Charts are an excellent way to synthesize and highlight information, making them useful for both data nerds and your casual reader. With the spread of Covid-19, we’re being inundated with charts trying to make sense of all the dynamic data surrounding this epidemic — from unemployment to comparing the rise and decline of infections between countries, counties and neighborhoods. The New York Times may have offered us the most compelling chart thus far on their March 27th issue:

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That small bar at the end of the chart tells a story, using no words. This single chart on this page will likely be an iconic reference to this period that we will see in future history books.

As a full stack Javascript developer at a company that analyzes massive amounts of media, I’ve worked with lots of charts and JS charting libraries and they are not all created equally. Creating beautiful, scalable charts can be a difficult process and depending on your needs, you may be limited to certain libraries. Over the past year, our team has worked with three different charting packages with varying degrees of success and productivity.

Victory Charts

Ahh, my first love… and kinda hate. My introduction to charting in Javascript began with Victory Charts and with no real frame of reference, I assumed this was the standard for charts and accepted my fate to work with Victory Charts for the foreseeable future.

The biggest hurdle I encountered with using Victory is that there isn’t a large community of users compared to a library like HighCharts so you’re a bit on your own when it comes to implementing custom interactions and designs.

Victory offers a lot of primitive chart components that you can compose into charts, which offers a high level of customization but also forces you as a developer to take into account and then maintain all these components, which results in some fairly verbose code and a lot logic for implementing things like a time series axis or spacing between columns in a bar chart (a situation our team found ourselves in that led to a fair amount of headaches).

Here’s an example of a simple column chart using Victory:


If Victory is the boutique shop of the JS chart world, then HighCharts is McDonald’s. When it comes to scouring the internet to find examples of creating charts using JavaScript, you’ll find more examples using HighCharts than any other framework.

It’s ubiquity isn’t its only selling point, however to me that definitely gives it an advantage if you’re not a developer that’s well versed in data visualization. HighCharts takes a lot of the cognitive load off the developer and take care of things like time axes, tooltips and general styling for you… or much of it anyways.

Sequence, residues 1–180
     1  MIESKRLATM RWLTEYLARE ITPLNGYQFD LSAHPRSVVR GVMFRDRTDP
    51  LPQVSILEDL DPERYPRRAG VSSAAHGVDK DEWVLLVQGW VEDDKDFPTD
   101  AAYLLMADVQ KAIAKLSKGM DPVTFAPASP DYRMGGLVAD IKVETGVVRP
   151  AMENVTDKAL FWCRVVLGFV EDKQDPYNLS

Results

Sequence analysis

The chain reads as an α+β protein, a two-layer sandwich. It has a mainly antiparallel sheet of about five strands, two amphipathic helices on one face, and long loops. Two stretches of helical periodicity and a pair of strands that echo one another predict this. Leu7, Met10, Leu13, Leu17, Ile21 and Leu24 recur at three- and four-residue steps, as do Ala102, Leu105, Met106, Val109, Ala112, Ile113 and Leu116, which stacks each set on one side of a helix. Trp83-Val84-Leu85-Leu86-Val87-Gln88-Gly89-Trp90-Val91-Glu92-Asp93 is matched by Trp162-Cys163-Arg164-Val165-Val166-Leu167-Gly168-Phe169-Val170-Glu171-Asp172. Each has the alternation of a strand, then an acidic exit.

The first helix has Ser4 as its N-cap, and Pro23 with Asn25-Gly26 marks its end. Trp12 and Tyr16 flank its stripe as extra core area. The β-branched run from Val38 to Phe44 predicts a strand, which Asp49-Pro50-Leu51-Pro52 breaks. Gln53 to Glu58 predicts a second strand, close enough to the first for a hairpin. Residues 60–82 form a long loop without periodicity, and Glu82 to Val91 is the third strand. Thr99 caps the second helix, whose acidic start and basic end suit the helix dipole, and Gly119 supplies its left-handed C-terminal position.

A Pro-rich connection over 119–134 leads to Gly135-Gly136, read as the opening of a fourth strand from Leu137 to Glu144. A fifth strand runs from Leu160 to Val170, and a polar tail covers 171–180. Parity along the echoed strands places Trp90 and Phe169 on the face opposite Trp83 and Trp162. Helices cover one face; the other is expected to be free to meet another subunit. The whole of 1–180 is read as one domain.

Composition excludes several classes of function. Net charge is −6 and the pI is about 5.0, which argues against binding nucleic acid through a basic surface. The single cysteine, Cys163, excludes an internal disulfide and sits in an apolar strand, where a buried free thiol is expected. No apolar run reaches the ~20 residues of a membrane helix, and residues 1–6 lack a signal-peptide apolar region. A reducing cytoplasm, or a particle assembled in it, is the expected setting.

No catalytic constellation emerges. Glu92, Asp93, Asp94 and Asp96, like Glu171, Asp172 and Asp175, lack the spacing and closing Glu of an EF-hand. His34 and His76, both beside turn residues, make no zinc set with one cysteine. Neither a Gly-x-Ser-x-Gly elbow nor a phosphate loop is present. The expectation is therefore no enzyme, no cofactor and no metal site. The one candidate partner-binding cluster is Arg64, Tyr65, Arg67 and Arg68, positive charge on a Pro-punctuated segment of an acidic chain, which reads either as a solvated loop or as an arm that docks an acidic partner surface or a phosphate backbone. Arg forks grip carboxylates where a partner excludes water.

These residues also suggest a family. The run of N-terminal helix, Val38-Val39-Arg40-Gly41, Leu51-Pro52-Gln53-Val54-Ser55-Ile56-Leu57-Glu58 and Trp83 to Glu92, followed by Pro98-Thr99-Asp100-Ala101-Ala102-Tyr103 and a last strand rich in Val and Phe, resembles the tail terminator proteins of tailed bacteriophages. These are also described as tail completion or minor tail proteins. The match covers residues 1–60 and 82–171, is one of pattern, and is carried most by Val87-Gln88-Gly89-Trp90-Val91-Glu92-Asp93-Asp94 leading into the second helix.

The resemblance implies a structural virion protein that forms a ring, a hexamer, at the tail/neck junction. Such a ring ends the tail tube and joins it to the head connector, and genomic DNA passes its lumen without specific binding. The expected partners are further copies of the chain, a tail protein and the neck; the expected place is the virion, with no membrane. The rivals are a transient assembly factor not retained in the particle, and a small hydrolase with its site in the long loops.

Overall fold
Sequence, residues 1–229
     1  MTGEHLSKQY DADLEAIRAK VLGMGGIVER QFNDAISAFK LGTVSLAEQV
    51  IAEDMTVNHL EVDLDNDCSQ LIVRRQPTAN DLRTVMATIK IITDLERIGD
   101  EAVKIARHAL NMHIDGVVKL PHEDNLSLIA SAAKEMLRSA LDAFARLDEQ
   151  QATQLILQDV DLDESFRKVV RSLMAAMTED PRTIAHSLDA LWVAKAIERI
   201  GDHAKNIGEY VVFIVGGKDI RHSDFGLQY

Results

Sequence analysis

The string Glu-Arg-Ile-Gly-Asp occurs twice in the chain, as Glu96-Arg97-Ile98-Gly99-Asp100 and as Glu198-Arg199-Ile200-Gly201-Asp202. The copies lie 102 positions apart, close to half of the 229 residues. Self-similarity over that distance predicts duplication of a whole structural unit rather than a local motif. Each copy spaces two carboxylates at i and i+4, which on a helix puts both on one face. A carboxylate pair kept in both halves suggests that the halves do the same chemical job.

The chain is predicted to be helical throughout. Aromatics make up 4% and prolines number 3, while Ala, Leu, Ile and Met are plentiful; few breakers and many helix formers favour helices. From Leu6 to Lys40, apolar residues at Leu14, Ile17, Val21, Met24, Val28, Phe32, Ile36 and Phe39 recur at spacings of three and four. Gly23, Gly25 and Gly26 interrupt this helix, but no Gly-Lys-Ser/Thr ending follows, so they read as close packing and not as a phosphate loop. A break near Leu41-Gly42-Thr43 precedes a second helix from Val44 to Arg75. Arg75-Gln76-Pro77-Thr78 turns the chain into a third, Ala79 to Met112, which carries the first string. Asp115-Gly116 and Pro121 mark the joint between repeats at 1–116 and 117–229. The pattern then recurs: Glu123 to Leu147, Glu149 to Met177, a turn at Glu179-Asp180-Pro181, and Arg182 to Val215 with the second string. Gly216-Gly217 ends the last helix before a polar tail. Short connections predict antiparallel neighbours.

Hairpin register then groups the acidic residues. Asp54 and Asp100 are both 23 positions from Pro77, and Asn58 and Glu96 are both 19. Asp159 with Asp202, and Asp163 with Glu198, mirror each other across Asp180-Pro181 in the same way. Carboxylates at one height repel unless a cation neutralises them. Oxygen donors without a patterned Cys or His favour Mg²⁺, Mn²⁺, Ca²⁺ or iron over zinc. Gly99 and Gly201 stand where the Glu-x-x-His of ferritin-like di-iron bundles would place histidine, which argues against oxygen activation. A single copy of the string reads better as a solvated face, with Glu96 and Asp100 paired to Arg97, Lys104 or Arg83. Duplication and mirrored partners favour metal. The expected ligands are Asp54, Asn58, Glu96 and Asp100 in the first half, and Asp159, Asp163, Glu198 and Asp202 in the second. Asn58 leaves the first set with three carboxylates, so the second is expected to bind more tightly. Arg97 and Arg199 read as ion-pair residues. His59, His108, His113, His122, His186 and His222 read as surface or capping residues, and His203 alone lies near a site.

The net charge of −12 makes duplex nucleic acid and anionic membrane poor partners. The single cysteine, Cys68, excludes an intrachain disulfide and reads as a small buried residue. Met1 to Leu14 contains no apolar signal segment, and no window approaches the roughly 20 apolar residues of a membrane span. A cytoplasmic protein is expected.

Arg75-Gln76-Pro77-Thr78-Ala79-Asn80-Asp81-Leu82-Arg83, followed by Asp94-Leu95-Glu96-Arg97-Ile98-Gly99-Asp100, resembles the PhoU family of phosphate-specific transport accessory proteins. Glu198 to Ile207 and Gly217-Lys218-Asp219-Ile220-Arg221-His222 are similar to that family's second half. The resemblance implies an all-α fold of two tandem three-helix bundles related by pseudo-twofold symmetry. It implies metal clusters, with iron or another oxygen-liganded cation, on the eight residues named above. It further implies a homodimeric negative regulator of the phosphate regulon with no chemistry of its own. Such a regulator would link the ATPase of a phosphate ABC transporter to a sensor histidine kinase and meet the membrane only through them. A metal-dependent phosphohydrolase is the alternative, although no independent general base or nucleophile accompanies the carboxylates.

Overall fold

A cursory comparison of some code our team wrote for the same chart using Victory vs HighCharts ended up reducing the lines of code by about half!

Here’s how simple it is to begin using HighCharts with a UI library like React (compare this with the example above):


If you’re looking for complete customization and advanced use cases or non-typical charts then D3 will likely be your first choice in JS charts. The learning curve here is easily the steepest of all 3 as the D3 syntax can be a bit daunting.

D3 interacts with the DOM by binding nodes with data using D3 transformations (D3 stands for Data Driven Documents). As a front end dev, some of D3 is quickly approachable, like the concept of selecting and appending elements to the DOM but figuring out how to create a chart with a legend, axes and responsive sizing is a non-trivial undertaking.

I’m currently using D3 to create a Ridgeline Chart because no other library quite suited our team’s use case. If your team doesn’t want to be tied to a particular framework to do the heavy lifting or wants a very high level of customization, then D3 is probably the best choice.

Luckily, there are a ton of examples using D3 so you can begin your journey by copy-pasting bits of code to create a basic chart and add on from there. Because you are directly manipulating the DOM and depending on D3 mostly for the kind of transformations you are doing to your data, the sky is the limit as far as what kind of chart you can make while using a library like HighCharts constrains you to the limits of the library.

Your Turn

Whether or not you are currently using a charting library, any one of these 3 mentioned above is worth learning a bit, especially HighCharts and D3 as they are so widely used. Instead of creating another ToDo list app or a Rails MVC, a small dynamic chart project can really show your value as a developer and really standout on a portfolio.

Written by

full-stackish developer, late bloomer coder and power google user

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